Activity 2-3 - Simple Flow of Control
while ... loop Statement
do ... while Statement

The following C++ program computes the average of 6 numbers.

// P23_1.cpp - Read and compute the average for 6 integers, display the result.

#include <iostream.h>
using namespace std;

int main(void)
{
int x,y,z, p, q, r;  // (A)
double average;

// prompt the user:
cout << "Enter six grades separated by spaces, then press <Enter>:" << endl;
// read and store six integers:
cin >> x >> y >> z >> p >> q >> r;  // (B)

average = (x + y + z + p + q + r)/6;  // (C)
cout << "The average is " << average << endl;

return 0;
}

If we wanted to compute the average of three numbers, we could make some changes in this program.  The major changes will made in the lines that are in blue font, also, marked with (A), (B), and (C).  Imagine, computing the average of 1000 numbers using the above program and method.  That would make things more complicated and the code more tedious.  We can simplify this computation using a loop.  Following is a new version of the above program written using a while loop.

An Example for while loop
// P23_2.cpp - Read and average 6 integers, print the result.

#include <iostream.h>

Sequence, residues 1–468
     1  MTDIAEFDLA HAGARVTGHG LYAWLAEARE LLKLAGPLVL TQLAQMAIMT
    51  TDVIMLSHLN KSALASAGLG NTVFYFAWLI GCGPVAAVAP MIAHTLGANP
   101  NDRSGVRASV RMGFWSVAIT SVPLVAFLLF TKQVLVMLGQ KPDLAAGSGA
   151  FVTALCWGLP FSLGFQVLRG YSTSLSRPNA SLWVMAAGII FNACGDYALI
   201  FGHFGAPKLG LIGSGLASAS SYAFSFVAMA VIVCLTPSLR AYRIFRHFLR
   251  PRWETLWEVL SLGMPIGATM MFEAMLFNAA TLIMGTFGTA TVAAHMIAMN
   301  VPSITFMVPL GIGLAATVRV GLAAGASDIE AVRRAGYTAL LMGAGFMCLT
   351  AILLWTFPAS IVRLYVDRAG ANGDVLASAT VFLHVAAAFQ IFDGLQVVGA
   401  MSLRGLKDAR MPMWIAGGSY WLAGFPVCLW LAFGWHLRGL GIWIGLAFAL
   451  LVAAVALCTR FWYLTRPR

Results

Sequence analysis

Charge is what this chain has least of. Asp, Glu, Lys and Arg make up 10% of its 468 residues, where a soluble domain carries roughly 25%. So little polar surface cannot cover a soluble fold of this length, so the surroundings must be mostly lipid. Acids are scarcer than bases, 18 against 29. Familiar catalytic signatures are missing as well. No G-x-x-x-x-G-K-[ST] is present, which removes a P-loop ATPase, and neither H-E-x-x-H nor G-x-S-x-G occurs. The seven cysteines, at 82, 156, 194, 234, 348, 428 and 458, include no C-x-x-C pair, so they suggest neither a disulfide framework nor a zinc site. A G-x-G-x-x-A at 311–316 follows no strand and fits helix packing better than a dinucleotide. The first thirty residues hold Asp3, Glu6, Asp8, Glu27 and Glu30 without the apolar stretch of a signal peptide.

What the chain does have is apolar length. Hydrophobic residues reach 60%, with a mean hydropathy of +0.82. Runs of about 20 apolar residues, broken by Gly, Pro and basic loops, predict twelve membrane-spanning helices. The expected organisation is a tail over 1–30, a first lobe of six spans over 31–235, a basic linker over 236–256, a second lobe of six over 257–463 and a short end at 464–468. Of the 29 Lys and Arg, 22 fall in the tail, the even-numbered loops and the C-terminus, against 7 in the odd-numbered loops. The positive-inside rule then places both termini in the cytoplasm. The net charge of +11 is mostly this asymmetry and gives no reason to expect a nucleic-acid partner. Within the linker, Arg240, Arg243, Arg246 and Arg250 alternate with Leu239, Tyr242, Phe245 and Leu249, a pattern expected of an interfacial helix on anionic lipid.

using namespace std;
int main(void)
{
int x;
int count = 0;   // (1) initialize a counter to 0 to count number of grades
double sum = 0; // initialize the sum to 0 to make sure the sum at the beginning is 0
double average;

// prompt the user:
cout << "Enter six grades separated by a single space, then press <Enter>: ";
while( count < 6) // (2) read six grades and compute their sum, count ensures 6 entries
{
// read each number and compute the sum:
cin >> x;
sum = sum + x;
count++;  // (3) update the count
}
cout << endl;

average = sum/6;  // compute the average, total divided by the number of grades
cout << "The average is " << average << endl;

return 0;
}

What are the differences between this program and the one given in P23_1.cpp?
Exercise 23-1
Use a text editor to create a file called ex23_1.cpp.  Copy and paste or carefully copy P23_2.cpp program in that file, and then change the program to compute the average of 100 numbers.

Looping with Variable Number of Loops
There are times that you do not know, up front, how many times a computation must be done.  For example, you do not know how many numbers are going to be entered every time that you run the program.  Thus, you want to make the loop flexible.  Here is another version of the above program with variable number of loops.  Suppose the user first provides number of values for which he/she wants to find the average, then he/she would enter those values.

// P23_3.cpp - Read and average N integers, print the result.

#include <iostream.h>
using namespace std;
int main(void)
{
int x;
int count = 0;   // (1) initialize a counter to 0 to count number of values
int N; // Number of values for which the average must be computed.
double sum = 0; // initialize the sum to 0 to make sure the sum at the beginning is 0
double average;

// prompt the user: